Researchers have found that human-driven pollution can even change the environment underground as surface water flows through agricultural and urban areas, it collects bacterial contaminants before entering cave systems.
The research, published in the journal PLoS One, looked into the Monte Conca cave system on the island of Sicily which is a vast system of springs and pools, sitting below a nature preserve.
The Monte Conca cave system might be presumed to be one of the few places untouched by human-driven pollution.
But the study showed that microbial communities in the pools of water in the Monte Conca cave show signs of being altered by pollution from above.
The research by the University of South Florida microbiology and geoscience team found that water flowing through the vast cave system produced changes in the microbial communities between the wet and dry seasons, with the microbial communities differing in bacterial composition and ecological functions.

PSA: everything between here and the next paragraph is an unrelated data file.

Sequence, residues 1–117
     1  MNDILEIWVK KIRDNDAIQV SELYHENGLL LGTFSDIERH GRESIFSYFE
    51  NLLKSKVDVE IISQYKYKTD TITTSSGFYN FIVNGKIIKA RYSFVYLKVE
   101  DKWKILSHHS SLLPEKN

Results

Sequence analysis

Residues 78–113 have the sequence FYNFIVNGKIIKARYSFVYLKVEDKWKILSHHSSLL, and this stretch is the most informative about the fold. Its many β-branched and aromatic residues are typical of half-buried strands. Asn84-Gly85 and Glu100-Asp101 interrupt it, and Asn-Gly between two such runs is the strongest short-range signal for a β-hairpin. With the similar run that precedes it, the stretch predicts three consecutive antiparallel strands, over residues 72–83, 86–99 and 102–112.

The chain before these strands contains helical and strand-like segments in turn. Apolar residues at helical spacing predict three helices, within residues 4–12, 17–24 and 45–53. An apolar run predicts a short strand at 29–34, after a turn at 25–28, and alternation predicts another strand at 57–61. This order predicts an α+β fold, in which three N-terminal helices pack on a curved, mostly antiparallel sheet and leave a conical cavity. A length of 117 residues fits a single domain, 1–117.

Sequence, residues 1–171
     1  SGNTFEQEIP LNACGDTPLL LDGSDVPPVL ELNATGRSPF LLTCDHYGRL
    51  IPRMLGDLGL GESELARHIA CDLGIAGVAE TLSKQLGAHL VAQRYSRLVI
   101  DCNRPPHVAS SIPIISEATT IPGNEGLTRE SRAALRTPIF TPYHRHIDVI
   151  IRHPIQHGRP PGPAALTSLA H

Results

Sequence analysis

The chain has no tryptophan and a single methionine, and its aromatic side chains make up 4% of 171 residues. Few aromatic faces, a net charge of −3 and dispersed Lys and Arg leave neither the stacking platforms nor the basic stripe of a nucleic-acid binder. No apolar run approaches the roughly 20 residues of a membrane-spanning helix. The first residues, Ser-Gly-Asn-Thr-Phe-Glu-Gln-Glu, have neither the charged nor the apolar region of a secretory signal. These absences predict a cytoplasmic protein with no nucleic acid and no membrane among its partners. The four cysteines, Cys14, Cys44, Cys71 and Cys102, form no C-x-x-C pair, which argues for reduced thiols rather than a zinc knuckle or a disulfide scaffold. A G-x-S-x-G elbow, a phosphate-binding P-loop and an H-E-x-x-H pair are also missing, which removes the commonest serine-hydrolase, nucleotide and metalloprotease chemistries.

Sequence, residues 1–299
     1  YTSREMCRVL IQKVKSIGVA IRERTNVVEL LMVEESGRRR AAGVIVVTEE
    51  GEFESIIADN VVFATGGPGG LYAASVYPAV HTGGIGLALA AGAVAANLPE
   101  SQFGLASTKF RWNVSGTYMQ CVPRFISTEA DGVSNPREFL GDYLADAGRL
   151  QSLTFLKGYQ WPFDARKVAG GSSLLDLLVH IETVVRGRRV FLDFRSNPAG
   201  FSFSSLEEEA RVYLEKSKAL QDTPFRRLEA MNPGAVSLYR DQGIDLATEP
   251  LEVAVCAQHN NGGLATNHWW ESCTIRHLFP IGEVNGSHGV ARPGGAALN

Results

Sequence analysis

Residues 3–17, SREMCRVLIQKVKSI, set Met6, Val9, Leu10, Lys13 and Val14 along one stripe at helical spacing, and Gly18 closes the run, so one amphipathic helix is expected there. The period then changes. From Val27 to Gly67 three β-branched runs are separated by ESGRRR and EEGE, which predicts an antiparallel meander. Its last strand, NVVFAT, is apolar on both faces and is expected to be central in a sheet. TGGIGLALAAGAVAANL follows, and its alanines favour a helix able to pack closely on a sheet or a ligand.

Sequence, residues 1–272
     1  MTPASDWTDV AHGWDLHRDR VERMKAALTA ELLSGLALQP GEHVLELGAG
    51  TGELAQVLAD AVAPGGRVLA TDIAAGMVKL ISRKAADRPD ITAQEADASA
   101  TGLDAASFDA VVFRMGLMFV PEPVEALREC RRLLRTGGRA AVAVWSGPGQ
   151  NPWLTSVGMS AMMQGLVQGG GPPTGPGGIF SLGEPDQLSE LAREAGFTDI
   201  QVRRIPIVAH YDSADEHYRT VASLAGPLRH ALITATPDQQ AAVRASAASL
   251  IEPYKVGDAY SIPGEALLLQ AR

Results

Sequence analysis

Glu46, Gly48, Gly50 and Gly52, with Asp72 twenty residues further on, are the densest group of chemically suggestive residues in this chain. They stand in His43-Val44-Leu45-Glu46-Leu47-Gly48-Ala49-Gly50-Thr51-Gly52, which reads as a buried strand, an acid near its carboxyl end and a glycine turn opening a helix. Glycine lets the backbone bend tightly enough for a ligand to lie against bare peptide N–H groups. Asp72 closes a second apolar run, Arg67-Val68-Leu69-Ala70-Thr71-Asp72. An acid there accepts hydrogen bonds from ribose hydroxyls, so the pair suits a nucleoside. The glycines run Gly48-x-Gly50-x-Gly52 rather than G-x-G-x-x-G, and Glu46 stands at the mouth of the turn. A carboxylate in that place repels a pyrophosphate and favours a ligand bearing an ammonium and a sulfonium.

The long-term impacts of these surface-derived bacterial contaminants or their impact on groundwater sources is currently not well known, said lead author Madison Davis of USF's Department of Cell Biology, Microbiology and Molecular Biology.
The scientists found that the dry season microbial community was dominated by sulfur-oxidizing bacteria because of their ability to utilise oxygen from the cave and hydrogen sulfide from the spring pool.
After a heavy rainfall, the sulfur-oxidizing community was displaced by surface-derived bacteria that were primarily identified as human contaminants, including Escherichia coli and other fecal bacteria.
The study demonstrates the impact of surface runoff on the microbial community structure and function of endemic cave communities, the researchers said.